M&A volume in the Canadian food and beverage (“F&B”) industry continued to decline slightly during the fourth quarter of 2019, dipping to a total of 21 deals involving a Canadian party (announced or closed during the period), from a recent high of 37 deals in Q1. While this represents a third consecutive quarter of declined deal activity, it remains relatively consistent with deal volumes throughout the prior year, with 22 deals announced or closed in the fourth quarter of 2018. Given the potential for F&B businesses to generate economies of scale or cost savings by moving up or down the supply chain via acquisition, the F&B sector remains predominantly driven by strategic buyers, with strategic transactions representing 81% of total deal volume in Q4.
Despite an overall reduction in closed or announced deals this past quarter, certain key industry forces have continued to drive activity. Growth in the industry is expected to be driven by salary hikes, which will lead to an increase in consumer spending especially towards premium, organic products as Canadian consumers become increasingly health conscious. The organic food industry in Canada has nearly tripled since 2006, as consumers are willing to pay a premium for products that are considered environmentally friendly5.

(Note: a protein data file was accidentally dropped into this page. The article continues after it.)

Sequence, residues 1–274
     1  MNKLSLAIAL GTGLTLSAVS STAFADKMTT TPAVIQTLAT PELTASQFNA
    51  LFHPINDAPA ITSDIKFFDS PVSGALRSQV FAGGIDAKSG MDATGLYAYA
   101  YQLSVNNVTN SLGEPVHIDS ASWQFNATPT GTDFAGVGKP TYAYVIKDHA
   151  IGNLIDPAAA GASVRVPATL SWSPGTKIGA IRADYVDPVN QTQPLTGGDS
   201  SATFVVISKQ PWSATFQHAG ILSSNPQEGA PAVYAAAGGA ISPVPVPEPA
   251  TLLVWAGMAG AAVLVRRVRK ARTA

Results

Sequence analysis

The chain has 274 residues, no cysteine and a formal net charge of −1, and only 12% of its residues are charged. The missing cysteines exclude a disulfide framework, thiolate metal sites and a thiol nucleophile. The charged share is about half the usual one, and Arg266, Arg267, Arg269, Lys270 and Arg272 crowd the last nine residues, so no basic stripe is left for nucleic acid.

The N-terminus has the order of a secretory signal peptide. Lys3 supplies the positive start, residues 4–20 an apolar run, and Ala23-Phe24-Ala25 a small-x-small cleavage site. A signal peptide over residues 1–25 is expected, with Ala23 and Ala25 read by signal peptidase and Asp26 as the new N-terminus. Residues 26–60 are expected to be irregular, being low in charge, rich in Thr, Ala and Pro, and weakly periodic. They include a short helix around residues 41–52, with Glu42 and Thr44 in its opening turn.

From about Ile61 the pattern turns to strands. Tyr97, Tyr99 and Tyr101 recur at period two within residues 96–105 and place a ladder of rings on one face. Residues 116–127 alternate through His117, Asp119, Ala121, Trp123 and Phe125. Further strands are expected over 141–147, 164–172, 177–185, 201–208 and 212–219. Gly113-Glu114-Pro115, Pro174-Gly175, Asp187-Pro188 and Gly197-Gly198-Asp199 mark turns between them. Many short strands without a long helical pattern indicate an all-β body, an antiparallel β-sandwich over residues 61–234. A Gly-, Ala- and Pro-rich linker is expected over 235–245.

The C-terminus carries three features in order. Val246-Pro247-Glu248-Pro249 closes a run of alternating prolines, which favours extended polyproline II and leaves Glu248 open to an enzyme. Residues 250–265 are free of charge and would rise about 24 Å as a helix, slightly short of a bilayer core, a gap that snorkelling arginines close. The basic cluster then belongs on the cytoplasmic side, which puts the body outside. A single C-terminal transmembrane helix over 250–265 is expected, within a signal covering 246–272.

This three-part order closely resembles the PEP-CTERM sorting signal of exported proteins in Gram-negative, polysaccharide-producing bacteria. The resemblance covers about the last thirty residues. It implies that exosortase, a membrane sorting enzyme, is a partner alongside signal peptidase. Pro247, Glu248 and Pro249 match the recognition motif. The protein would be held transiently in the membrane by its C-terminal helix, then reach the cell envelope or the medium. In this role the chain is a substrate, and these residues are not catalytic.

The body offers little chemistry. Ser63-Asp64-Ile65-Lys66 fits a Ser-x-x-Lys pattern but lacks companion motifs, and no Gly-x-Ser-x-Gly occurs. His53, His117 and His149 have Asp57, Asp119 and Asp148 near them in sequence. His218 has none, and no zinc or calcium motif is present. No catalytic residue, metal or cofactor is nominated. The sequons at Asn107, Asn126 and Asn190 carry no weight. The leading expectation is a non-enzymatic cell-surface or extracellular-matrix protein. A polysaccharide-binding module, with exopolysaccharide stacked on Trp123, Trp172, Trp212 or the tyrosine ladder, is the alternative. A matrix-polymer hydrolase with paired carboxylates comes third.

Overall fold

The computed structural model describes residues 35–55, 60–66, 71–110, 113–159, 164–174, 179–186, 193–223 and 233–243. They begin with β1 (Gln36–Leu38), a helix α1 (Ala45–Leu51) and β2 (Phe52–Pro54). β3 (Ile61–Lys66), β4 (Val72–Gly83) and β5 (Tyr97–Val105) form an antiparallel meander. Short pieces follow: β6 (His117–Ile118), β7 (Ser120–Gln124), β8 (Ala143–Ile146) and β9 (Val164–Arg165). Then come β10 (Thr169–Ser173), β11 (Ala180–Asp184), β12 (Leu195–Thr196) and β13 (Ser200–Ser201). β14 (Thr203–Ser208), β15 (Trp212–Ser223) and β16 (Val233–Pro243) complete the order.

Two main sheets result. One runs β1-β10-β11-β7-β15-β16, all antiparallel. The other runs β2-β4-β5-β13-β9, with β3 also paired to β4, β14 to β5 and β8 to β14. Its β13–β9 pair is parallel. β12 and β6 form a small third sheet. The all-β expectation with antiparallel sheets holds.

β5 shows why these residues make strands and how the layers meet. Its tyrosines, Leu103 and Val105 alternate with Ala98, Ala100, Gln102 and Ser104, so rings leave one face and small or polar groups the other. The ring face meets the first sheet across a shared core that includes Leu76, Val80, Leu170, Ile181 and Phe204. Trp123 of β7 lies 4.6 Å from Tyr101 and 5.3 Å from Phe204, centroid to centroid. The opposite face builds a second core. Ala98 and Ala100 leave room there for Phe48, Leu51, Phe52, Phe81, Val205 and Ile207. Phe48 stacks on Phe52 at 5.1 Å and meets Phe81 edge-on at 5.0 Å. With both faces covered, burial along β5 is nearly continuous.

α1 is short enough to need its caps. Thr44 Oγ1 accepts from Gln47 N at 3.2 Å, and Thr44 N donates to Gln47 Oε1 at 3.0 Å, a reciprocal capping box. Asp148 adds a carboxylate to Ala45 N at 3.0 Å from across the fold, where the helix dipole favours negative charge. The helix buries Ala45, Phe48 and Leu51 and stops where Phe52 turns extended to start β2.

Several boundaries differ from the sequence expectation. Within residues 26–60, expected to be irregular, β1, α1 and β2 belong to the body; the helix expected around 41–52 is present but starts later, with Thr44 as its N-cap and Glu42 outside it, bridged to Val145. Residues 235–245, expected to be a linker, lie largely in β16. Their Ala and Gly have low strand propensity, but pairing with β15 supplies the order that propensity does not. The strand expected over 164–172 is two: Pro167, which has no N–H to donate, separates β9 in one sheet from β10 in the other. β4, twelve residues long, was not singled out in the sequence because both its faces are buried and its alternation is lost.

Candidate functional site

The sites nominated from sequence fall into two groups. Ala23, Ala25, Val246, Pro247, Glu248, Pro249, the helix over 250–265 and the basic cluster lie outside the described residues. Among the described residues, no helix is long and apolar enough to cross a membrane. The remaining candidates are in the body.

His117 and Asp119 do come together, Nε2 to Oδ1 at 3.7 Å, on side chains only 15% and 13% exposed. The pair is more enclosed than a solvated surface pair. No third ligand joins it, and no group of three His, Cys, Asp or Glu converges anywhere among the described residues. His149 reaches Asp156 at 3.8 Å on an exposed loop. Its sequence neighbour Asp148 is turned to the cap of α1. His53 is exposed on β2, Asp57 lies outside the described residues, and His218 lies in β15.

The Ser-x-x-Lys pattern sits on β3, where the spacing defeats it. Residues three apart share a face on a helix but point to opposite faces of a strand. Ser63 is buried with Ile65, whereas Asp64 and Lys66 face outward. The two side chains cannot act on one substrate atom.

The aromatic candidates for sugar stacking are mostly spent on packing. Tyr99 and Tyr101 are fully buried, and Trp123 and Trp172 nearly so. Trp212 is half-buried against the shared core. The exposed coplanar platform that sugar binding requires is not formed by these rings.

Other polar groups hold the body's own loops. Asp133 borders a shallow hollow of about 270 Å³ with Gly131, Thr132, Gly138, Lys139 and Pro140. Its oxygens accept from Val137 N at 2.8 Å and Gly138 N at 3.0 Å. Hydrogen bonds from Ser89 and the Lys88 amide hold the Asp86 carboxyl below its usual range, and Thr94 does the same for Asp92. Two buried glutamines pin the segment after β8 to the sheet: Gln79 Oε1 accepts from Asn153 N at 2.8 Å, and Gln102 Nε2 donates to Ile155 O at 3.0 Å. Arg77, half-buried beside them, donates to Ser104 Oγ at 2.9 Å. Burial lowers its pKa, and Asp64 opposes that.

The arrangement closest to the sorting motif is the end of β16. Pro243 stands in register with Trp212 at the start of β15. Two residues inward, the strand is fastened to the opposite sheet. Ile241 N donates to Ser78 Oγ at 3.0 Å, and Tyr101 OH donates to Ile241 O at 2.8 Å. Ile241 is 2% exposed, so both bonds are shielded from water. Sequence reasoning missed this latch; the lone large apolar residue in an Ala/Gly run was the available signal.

Additionally, niche processors and producers of cannabis-related products have continued to attract the attention of a variety of acquirers. Continued momentum in the cannabis-infused consumer products sector is driving strategic acquisitions of both producers and product developers1. Significant demand in a new beverage sector, cannabis-infused drinks, is anticipated to quickly propel smaller companies like BevCanna Enterprises Inc., following the trend that major players in the energy drinks market previously demonstrated6. The global cannabis-infused beverage market is predicted to jump from $89 million USD in 2018, to $1.4 billion7 and $4.4 billion8 by 2023 and 2025, respectively.
If history repeats itself, it is likely that the smaller, early-mover companies such as BevCanna will see the greatest benefit and growth in this market. BevCanna has already established strong brand relationships with healthy, consumer focused enterprises, and has pre-existing expertise in branding and bottling6.
From a macro standpoint, retail sales saw a larger than anticipated 1.2% decrease in October 2019, which increases the concerns surrounding domestic Canadian economic growth3.
Despite uncertainty in the broader landscape, underlying forces that are fundamental to transactions still exist such as availability of capital and continued ownership succession needs. It is predicted that these forces, combined with core product and consumer trends, will support an active M&A market for Canadian F&B businesses into the year ahead.